When the Toronto International Film Festival rolls around each year, few people are as busy as Charles Khabouth.
The nightlife impresario owns the Bisha Hotel and more than a dozen restaurants and clubs where the likes of Margot Robbie, George Clooney, Matt Damon and Javier Bardem have reportedly sipped wine, rubbed elbows or partied in recent years.
Khabouth is still expecting a buzz around his venues this year but knows this TIFF will be “more mellow” than those in the past.
“It might not be a 10, it will be an eight, but it’ll still be great,” the entertainment kingpin said a week before the 11-day festival’s Sept. 7 kickoff.
The tempered expectations have come from twin Hollywood strikes that have halted film and television productions and scuttled press junkets, red carpets and star powered-premieres as the Screen Actors Guild-American Federation of Television and Radio Artists and the Writers Guild of America hit the picket lines over the spring and summer.
With TIFF mum on how many celebrities could grace its red carpets — the festival has yet to release a guest list — and refusing to share projected attendance and media accreditation numbers until after the festival, a sense of uncertainty is looming large.
Local restaurants, hotels, limo and security companies are unsure whether their businesses will see their usual high demand come the event.
Many expect a good turnout from foreign and Canadian stars falling outside the strike rules but are bracing for smaller crowds as Hollywood hitmakers stay home.
“We still have to be ready (even though) we’re still unsure to this date the amount of A-listers coming,” said Khabouth.
The federal government said last year that the festival typically brings more than 700,000 visitors to Toronto and accounts for more than $114 million in economic activity in the region.
Local businesses, including Milagro, routinely consider it their craziest period all year.
“We book our restaurant and staff and do all of our preparations…as if it were a Saturday night for two whole weeks,” said Arturo Anhalt, founder of the Mexican joint located just off the King Street West strip TIFF plans to close down for community organization groups and performances from Canadian rockers Nickelback, among others.
“We even post memos inside the restaurant saying please don’t take time off. These are the two busiest weeks of the year.”
Anhalt is already seeing signs that attendance will be down because reservations and party bookings haven’t flooded in at their usual pace.
“We do have some events happening, but the emails were not as intense as in past years,” he said.
“A lot of people will not be pulled to these types of events just because (the actors) are not there.”
Katherine Johannson, the director of events, sales and partnerships at Forthspace Hospitality Group, is similarly predicting “it is going to be a little bit of a different TIFF this year.”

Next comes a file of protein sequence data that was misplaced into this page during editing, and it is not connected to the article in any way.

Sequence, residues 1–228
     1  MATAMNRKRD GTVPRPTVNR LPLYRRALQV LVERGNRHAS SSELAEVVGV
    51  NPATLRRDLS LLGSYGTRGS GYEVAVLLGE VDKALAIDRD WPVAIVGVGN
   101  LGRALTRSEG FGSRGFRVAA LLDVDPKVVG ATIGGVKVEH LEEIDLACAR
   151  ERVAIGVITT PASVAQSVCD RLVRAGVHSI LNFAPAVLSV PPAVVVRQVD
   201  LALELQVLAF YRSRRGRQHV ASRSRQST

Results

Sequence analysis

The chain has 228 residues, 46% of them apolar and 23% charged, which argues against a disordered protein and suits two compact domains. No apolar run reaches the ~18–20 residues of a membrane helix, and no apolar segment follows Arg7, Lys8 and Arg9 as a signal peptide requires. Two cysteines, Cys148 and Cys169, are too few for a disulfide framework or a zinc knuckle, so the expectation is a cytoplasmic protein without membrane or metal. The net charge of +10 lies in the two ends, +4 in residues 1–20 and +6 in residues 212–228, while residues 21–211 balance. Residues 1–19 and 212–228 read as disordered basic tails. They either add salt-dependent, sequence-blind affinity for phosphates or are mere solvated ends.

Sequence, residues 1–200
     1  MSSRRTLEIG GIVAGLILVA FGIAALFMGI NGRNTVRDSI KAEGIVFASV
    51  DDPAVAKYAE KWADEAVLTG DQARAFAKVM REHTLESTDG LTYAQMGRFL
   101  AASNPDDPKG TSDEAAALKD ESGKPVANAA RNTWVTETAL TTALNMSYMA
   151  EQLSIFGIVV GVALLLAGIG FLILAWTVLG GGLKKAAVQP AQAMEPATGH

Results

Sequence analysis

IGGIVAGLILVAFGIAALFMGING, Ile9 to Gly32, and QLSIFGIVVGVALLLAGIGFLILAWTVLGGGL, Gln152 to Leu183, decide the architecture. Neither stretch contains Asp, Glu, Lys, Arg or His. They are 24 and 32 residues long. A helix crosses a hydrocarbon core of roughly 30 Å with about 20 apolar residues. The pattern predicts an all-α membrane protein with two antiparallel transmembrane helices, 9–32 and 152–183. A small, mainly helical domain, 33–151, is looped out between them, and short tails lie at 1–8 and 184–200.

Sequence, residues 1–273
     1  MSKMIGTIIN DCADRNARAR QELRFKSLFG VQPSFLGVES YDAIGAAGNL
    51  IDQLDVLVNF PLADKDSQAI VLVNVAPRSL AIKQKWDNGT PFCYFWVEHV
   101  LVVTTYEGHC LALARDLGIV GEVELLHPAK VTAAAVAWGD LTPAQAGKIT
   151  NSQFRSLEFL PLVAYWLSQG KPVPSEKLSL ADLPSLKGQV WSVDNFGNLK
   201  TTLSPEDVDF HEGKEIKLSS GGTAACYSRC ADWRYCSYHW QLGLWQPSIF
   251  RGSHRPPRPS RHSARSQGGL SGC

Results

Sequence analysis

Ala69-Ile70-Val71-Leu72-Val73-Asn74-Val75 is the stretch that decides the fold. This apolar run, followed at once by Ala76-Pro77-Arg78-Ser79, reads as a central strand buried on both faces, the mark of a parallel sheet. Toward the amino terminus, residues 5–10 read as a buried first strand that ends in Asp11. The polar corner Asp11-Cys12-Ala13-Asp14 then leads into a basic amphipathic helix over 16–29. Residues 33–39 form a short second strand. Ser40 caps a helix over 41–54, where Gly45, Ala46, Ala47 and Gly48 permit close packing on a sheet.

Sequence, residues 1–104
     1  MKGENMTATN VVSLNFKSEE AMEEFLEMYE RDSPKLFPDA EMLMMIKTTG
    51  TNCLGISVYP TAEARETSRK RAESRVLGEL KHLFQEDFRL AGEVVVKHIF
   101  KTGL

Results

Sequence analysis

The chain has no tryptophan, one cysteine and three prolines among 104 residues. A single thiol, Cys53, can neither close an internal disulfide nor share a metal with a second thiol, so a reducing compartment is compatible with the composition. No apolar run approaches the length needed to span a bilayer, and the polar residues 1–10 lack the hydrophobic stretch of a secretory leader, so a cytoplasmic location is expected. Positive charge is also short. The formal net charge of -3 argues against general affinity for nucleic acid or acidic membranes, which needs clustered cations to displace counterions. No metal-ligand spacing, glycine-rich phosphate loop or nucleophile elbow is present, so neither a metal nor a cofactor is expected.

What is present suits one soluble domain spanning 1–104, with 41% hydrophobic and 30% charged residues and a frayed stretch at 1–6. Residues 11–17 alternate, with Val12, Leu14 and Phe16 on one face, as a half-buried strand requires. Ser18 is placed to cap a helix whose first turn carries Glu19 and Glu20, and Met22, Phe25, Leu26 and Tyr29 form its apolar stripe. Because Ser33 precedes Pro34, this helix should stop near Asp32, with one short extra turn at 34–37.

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The company’s two restaurants, Coffee Oysters Champagne across from Roy Thomson Hall and Marked by the Scotiabank Theatre, already have reservations for parties celebrating German and Canadian films, intimate directors’ dinners and a return visit from a large Australian group.
“But obviously amid the strike, we lost a lot of the American big groups coming in,” she said.
The hospitality business’s largest booking this TIFF is for 230 guests, down from the 500-person parties it hosted last year.
“There’s still a lot in the books, which I’m happy to see, but maybe not on the biggest scale,” Johannson said.
Around the corner from Marked, Petros82 was preparing to be booked solid for the first six days of TIFF and then host a heavy rotation of parties linked to foreign films over the remainder of the event.
Erin Breckbill, vice-president of sales and marketing for Peter & Paul’s Hospitality Group, attributed the Greek restaurant’s forthcoming busyness to her company being one of TIFF’s official hospitality partners and the host of RBC House, a top party spot the festival’s lead sponsor hosts annually.
The bank’s plan for the space includes a DJ set from basketball star Shaquille O’Neal, an L.A. Times photo and video studio and a conversation with “Rustin” film director George C. Wolfe.
While Breckbill acknowledged not every restaurant will be as busy as they were in a non-strike year, she said TIFF had recently shared with hospitality partners some names of A-listers headed to town that had her business feeling “very good.”
“Last week, it was very touch and go and we were concerned but the organization’s really rallied behind the local restaurants and vendors and the hospitality partners and they really are doing an excellent job,” she said.
“The last few days, we’ve seen tremendous pickup, so we’re very hopeful that TIFF will be as exciting as last year.”
© 2023 The Canadian Press
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